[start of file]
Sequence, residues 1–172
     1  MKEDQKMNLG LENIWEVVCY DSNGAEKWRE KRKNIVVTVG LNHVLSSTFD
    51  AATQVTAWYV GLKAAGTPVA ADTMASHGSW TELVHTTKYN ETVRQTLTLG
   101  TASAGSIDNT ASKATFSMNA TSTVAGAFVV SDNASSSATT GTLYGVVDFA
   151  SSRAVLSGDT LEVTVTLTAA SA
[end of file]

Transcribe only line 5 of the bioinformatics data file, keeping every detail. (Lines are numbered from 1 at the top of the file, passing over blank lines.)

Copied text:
   151  SSRAVLSGDT LEVTVTLTAA SA